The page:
Physiological and Affective Responses to Immersion in Virtual Reality: Effects of Nature and Urban Settings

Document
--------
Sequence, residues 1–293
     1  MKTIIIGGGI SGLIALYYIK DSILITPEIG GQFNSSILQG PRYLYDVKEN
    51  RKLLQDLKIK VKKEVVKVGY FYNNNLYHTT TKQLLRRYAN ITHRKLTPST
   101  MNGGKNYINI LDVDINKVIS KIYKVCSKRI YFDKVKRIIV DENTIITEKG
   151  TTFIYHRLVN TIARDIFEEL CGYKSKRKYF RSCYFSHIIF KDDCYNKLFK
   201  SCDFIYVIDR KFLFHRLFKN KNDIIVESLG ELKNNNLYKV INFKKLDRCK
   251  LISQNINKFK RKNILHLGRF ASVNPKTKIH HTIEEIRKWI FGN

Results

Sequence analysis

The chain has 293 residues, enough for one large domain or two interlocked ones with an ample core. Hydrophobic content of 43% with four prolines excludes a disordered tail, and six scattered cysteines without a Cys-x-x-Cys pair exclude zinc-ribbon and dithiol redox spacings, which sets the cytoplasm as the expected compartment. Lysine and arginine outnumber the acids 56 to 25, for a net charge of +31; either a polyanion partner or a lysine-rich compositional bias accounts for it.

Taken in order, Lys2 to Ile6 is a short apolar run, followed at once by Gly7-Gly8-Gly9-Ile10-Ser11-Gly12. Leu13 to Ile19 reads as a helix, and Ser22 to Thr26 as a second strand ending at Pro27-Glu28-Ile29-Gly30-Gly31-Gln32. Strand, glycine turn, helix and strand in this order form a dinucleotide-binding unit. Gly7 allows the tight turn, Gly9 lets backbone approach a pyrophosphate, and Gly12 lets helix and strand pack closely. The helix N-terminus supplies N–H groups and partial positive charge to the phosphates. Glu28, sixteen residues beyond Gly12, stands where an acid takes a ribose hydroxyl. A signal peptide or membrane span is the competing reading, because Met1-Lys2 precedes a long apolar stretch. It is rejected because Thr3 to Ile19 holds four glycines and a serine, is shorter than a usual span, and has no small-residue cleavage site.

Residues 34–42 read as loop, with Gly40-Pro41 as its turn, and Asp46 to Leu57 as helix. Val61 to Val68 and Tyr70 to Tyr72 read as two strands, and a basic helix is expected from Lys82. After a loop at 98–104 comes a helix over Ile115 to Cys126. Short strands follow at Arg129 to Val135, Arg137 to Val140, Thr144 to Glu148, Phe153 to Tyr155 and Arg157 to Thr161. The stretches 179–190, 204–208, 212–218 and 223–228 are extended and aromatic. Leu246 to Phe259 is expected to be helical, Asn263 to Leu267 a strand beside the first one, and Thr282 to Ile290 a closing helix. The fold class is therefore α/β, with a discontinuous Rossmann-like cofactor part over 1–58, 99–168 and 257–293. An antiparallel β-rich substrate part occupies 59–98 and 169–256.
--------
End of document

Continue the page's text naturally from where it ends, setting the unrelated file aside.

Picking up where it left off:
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With the rapid advancements in technology, researchers are seeking new ways to incorporate modern high-tech solutions such as virtual reality into treatment paradigms for stress. The current experiment explores the beneficial effects of immersing an individual into virtual reality after a stressful encounter. I examined the potential restorative effects of three unique immersive virtual reality environments by inducing stress and negative affect in sixty-nine participants and then randomly assigning them to freely explore one of three environments (a virtual nature setting, a virtual urban cityscape, or a neutral environment composed of solid geometric shapes) for ten minutes. Participants who explored the nature environment were found to have significantly improved affect (as measured by a standardized questionnaire), and significantly lower stress levels (as measured by self-report and skin-conductance levels) compared to those who explored the urban and geometric environments. The results suggest that virtual nature has restorative properties similar to real nature, and that simply immersing participants into a virtual nature setting can reduce stress. These results also suggest that the content of the virtual reality experience (i.e., whether it contains nature) is important in promoting restoration, and that in the absence of nature, stress levels remain unchanged.